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Manchester Center’s owner unveils revamp plan for aging mall

New life for old Manchester mall

Benjamin Nazarian, managing partner of Omninet Capital, the owners of Manchester Center, unveiled planned changes to the aging mall during a groundbreaking ceremony on Monday, Sept. 19, 2016.
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Benjamin Nazarian, managing partner of Omninet Capital, the owners of Manchester Center, unveiled planned changes to the aging mall during a groundbreaking ceremony on Monday, Sept. 19, 2016.

Life for Fresno’s aging Manchester Center is about to get a lot better.

The mall owners, Omninet Capital based in Beverly Hills, and Mayor Ashley Swearengin announced on Monday long-awaited plans to transform what was once Fresno’s premier shopping destination into a new unique multi-use property in the heart of the city.

The plans include a new mall entrance, a redesigned facade with signage, a marketplace or “artisan food community” for chefs, food trucks and restaurants, an exterior shopping area and an outdoor events plaza.

There will soon be new tenants too. Among them: Chipotle and The Habit in a new building on Blackstone Avenue, and nearly a handful of local restaurants (so far) in the marketplace – Green’s Family Grill, Med Wraps Cafe, Rocket Dog Gourmet Brats & Brew, and Yummyz Street Treats.

The mall renovation, at Blackstone and Shields avenues, will happen over the course of a few years with the first phase to be finished by spring 2017.

“Let me be clear. I’ve been asked a lot and I want to be clear about this,” said Benjamin Nazarian, Omninet’s managing partner. “This is not ‘if it will happen.’ This is happening.”

Exterior work has already started on the Shields Avenue side of the mall with the expansion of Crescent View West, a charter school for at-risk students. The creamy siding and hints of blue and green color around the school entrance are a preview of what people can expect as the center takes shape, Nazarian said.

“It’s been a long process and we’re very excited to finally be here,” he said. “If you have patience, things do work out.”

In its heyday, the mall was stocked with major retailers. Mayfair Market, Gallenkamp Shoes, F.W. Woolworth and Gottschalks all called Manchester home after the mall opened in 1955.

But over the years, retailers followed new construction north in the city or went out of business. Gottschalks closed its doors in 2009, leaving Sears as the center’s lone retail anchor.

In an effort to fill empty spaces, the mall welcomed Caltrans as its first office resident in 1999. Then, Fresno County’s Workforce Connection, an employment agency, followed in 2001 and the Fresno Adult School in 2005. Artists even took up residence in empty spaces.

Omninet Capital bought the mall five years ago but has been tight lipped for years about its plan to revive the mall. Meanwhile, mall management has worked to relocate office tenants from the west side of the building to the other side as it marketed the property to possible retailers. Nazarian said the process has taken longer than the company anticipated.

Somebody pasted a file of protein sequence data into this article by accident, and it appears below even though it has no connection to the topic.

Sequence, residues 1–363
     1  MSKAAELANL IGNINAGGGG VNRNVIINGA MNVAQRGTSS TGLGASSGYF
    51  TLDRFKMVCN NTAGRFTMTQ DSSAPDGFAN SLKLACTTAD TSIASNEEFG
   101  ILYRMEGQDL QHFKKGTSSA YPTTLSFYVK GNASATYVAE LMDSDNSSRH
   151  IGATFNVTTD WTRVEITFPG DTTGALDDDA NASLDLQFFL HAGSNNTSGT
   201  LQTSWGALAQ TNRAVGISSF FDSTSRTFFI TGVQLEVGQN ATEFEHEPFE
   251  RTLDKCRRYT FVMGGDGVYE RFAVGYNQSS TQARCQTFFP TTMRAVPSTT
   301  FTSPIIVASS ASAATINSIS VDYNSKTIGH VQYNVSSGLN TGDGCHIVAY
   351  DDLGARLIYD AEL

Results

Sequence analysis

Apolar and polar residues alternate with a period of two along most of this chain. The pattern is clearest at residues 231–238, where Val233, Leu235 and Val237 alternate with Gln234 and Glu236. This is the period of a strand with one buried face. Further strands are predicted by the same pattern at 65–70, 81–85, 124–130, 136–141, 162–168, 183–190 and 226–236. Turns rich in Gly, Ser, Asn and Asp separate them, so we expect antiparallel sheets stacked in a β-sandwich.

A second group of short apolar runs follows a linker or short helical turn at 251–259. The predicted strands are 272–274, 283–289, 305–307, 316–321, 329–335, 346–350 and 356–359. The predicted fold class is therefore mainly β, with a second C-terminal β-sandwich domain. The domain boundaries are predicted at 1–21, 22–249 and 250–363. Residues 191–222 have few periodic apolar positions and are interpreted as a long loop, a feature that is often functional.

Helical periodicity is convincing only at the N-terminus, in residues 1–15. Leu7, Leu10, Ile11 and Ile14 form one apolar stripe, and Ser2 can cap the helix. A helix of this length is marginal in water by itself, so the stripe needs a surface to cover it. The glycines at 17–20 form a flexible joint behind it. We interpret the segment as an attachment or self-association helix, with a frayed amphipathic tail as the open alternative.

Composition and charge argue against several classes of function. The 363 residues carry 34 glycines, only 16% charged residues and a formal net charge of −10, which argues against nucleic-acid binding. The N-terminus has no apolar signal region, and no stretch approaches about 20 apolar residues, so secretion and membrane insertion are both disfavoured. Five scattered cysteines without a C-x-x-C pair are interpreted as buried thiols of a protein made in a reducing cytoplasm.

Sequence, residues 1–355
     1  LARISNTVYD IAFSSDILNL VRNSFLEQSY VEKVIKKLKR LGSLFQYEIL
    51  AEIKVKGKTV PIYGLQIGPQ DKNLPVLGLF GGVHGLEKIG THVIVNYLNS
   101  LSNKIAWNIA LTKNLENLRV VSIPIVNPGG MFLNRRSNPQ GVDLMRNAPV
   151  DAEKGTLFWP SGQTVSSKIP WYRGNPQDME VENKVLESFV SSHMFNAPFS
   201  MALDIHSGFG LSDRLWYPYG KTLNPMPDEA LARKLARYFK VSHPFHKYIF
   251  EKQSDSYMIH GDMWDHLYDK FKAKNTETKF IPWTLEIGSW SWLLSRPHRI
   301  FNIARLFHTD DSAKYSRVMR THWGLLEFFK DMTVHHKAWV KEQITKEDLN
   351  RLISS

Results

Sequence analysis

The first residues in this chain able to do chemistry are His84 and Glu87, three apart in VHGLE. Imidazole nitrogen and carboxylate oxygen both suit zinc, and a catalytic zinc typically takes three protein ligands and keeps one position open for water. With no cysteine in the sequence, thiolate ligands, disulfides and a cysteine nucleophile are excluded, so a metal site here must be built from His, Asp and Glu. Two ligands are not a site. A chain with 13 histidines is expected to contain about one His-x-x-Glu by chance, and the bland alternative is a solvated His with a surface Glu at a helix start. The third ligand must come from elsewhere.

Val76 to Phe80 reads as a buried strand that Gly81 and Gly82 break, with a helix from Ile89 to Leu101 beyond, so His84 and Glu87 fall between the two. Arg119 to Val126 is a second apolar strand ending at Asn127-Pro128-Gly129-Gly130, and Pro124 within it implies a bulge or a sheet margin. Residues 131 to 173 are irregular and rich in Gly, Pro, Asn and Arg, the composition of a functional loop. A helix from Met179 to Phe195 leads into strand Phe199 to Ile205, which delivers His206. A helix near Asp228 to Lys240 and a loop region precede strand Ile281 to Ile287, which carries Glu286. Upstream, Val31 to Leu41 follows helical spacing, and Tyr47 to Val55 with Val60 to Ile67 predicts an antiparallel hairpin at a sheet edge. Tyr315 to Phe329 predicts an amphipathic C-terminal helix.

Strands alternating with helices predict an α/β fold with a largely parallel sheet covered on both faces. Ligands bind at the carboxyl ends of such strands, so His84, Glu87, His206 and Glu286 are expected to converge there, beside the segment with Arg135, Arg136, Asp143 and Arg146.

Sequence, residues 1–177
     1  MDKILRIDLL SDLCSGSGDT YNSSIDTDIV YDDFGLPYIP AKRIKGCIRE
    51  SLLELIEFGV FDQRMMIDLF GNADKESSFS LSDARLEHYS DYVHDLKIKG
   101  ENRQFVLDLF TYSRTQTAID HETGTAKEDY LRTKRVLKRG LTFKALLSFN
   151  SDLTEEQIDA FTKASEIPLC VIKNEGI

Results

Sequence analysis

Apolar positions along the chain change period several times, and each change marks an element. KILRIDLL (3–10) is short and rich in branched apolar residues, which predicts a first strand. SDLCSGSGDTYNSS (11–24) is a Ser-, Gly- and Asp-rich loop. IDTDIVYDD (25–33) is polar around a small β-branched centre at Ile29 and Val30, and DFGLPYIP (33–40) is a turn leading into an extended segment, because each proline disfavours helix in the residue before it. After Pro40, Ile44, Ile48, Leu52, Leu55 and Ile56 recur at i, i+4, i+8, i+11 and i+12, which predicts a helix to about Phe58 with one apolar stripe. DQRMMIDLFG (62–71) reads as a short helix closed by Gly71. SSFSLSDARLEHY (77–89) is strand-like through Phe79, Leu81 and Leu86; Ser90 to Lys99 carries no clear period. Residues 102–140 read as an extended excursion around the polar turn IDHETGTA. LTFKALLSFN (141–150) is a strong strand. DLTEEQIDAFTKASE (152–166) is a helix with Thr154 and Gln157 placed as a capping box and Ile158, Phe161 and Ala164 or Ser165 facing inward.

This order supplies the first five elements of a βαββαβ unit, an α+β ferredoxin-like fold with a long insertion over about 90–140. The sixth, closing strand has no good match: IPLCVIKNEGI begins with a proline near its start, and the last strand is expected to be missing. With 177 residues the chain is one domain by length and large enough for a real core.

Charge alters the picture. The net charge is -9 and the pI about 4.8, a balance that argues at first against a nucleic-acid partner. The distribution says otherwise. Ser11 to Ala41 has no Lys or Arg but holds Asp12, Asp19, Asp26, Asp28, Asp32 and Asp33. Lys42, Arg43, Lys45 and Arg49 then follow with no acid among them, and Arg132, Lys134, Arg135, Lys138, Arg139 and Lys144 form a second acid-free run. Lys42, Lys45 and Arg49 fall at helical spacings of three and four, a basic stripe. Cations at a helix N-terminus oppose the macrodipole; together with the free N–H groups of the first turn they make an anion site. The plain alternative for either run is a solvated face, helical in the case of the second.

The first announcement about Manchester came in April when the city unveiled its plan to restore the Central Policing District into 8,000 square feet of space at the center. The police office is expected to open in less than two weeks.

Nazarian said Monday that the goal is to have retail stores occupy the mall’s first floor and offices on the second floor. The marketplace will be located in the old Gottschalks space. A new outdoor event plaza will be built on the existing parking lot between the marketplace and Regal Manchester Stadium 16 cinemas.

“We already have numerous events here to serve the community,” Nazarian said. “We will continue doing those events, but we need a better place to have it.”

A groundbreaking on Monday signified a critical first step the revitalization project – an 8,000 square-foot building to house Chipotle, The Habit and at least two more retailers.

“I cannot tell you how many times people said ‘you will never get national tenants to come south of Shaw (Avenue),’ ” Nazarian said. “This dispels that myth.”

Ronnie Mack and May Lee, both of Fresno, are excited to hear the renovation news. They stop by the Workforce Connection office almost every other day and do some of their shopping in the mall, but say there are limited options.

Mack hopes for at least one high-end store to come, maybe a Macy’s. Lee would like a Ross, something affordable for families like hers who live nearby.

“If we had stuff here, it would benefit us,” Lee said. “You can come shop and go to Workforce Connection.”

Fresno Council Member Clint Olivier, whose represents central Fresno, thanked Omninet for its investment.

“This is a sign that the tide has officially turned,” Olivier said. Private investment is on its way, new retailers are on their way and it’s because of the visionaries we have.”

BoNhia Lee: 559-441-6495, @bonhialee

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